Facebook for Business

Social media and inbound marketing are increasingly important assets for businesses to get found by and engage with potential buyers on the web. People have gotten better and better at ignoring marketing messages and instead go to Google and social networks for answers to their questions. The question for you is: will you be there to answer it.

Facebook is a tool for connecting people with those around them. And, as with any social media tool, you have an opportunity to use Facebook to expand your online footprint and engage with customers directly. But yes, it can be difficult to figure out what you can and should do!

Why Should You Care?

Facebook has 1.06 billion monthly active users, 680 million mobile users, more than 50 million pages and 10 million apps.

Think your customers aren’t on Facebook? There are tens of thousands of regional, work-related, collegiate, and high school networks. More than two thirds of Facebook users are outside of college and the fastest growing demographic is those 35 years and older. While Facebook started off as a community for college students, it has expanded far beyond that and you will be hard-pressed to find a demographic not yet represented among Facebook’s 200 million users.

Business Goals for Using Facebook

  • Get found by people who are searching for your products or services
  • Connect and engage with current and potential customers
  • Create a community around your business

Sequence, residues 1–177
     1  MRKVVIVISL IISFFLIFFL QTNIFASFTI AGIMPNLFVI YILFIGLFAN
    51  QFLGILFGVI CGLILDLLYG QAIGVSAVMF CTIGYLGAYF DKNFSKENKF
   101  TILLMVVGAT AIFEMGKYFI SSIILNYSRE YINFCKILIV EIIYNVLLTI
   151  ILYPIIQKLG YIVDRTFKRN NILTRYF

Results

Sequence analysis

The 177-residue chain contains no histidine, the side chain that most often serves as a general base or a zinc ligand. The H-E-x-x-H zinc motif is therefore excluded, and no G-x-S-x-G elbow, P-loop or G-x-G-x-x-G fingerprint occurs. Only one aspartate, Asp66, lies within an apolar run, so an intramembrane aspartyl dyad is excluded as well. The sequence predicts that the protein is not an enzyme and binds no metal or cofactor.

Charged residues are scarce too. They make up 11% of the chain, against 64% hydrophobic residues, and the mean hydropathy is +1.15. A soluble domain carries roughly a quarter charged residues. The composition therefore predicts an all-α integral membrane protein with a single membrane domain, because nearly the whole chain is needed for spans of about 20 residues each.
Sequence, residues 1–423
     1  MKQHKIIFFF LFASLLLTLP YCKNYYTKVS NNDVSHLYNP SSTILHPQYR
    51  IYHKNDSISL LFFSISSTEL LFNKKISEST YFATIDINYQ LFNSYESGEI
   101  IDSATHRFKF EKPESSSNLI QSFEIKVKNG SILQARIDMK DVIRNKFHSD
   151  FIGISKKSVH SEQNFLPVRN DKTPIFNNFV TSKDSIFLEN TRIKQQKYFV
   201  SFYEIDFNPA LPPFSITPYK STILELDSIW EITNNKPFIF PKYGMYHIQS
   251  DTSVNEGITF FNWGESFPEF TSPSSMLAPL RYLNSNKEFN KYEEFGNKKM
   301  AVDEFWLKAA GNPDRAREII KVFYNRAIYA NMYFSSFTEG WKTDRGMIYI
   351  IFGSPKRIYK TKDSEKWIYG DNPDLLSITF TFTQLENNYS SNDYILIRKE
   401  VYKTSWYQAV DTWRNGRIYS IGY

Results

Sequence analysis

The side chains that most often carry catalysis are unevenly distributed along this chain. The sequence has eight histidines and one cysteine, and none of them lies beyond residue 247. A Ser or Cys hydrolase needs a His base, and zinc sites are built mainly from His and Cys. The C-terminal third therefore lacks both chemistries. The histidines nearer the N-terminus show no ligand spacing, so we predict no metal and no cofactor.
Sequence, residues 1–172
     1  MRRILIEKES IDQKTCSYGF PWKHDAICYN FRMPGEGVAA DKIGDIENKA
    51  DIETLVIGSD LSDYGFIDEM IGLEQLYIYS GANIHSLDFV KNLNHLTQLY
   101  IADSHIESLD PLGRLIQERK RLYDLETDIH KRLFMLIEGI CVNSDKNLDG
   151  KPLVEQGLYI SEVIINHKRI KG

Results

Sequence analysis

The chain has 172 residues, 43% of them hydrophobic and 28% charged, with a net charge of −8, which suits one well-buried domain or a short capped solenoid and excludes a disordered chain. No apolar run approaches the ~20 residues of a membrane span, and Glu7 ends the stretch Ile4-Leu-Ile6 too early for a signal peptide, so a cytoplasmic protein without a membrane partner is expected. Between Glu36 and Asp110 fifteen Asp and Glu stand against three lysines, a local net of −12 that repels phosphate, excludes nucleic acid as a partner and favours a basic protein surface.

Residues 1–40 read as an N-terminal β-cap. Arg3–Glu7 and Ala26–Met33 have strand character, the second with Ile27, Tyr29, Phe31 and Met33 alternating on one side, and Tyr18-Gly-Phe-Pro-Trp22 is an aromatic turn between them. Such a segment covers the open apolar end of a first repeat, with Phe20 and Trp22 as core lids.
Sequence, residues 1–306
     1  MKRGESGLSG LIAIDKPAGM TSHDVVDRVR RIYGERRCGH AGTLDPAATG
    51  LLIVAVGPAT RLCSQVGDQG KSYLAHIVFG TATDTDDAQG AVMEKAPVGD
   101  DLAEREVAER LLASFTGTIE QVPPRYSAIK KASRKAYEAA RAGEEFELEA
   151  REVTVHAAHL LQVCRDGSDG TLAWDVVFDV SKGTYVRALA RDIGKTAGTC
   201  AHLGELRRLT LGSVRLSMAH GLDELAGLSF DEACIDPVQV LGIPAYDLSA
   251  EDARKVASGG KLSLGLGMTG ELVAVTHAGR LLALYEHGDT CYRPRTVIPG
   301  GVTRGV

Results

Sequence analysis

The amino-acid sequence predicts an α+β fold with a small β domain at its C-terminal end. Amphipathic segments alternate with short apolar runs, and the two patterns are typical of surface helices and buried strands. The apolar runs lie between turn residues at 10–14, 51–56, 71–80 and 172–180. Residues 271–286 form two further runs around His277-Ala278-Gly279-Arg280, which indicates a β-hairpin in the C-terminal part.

• Promote other content you create, including webinars, blog articles, or other resources

Personal Accounts vs. Business Accounts

On Facebook, Profiles are meant for people and Pages are meant for businesses. To fully engage and leverage Facebook’s features, you should create a personal profile.  Do not create a personal profile for your business.  Facebook is building significant new functionality for businesses, and all of this functionality is only available to Pages.

There are a few key differences between Business Pages and Personal Profiles:

  • Pages allow you to designate multiple administrators, so that you can have multiple people help manage the account, and if one of your administrators leaves the company, you can still have control over the Page.
  • Pages are, by default, public and will start ranking in Facebook and public search results.
  • Pages are split into different categories (local businesses, brands, musicians) that help you get listed in more relevant search results.
  • Personal profiles have friends, which require mutual acceptance, whereas anyone can become a fan of your Page without first going through administrator approval.
  • Pages have analytical tracking so you can see how many interact and share your posts

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